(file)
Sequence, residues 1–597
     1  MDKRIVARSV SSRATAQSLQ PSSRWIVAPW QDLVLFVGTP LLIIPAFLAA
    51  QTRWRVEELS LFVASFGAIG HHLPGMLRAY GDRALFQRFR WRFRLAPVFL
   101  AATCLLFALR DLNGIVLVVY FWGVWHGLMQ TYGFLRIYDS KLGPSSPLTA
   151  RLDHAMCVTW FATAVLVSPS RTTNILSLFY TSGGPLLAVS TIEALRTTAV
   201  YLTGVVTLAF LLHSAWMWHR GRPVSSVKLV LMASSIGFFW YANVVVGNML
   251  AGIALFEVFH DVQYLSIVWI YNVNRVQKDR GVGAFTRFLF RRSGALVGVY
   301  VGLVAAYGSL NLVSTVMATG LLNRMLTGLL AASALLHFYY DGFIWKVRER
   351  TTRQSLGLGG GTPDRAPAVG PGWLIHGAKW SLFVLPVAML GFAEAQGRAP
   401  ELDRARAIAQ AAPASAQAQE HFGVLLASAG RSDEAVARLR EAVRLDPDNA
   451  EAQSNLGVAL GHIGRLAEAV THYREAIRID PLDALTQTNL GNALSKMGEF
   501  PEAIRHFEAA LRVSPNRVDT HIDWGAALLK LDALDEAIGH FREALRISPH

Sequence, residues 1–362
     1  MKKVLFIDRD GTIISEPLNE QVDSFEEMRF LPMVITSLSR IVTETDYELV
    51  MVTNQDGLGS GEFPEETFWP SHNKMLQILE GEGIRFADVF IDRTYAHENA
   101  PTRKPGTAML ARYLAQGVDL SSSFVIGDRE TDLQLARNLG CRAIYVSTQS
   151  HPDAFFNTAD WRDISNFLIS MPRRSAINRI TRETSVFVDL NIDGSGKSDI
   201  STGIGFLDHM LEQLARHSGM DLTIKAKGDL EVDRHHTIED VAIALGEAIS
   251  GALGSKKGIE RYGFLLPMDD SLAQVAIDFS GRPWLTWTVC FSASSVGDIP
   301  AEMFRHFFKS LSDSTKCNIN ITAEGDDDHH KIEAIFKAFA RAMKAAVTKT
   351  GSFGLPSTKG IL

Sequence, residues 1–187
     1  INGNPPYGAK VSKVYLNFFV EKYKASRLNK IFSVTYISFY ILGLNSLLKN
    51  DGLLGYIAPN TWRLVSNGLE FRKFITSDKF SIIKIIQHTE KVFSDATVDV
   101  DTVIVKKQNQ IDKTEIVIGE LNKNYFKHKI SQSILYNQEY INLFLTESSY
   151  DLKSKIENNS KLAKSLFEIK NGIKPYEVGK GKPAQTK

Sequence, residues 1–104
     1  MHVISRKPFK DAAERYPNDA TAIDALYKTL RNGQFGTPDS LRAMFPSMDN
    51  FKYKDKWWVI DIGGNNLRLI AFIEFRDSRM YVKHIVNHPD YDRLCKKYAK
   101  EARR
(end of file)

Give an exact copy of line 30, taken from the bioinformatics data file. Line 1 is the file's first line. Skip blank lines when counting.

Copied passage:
   101  EARR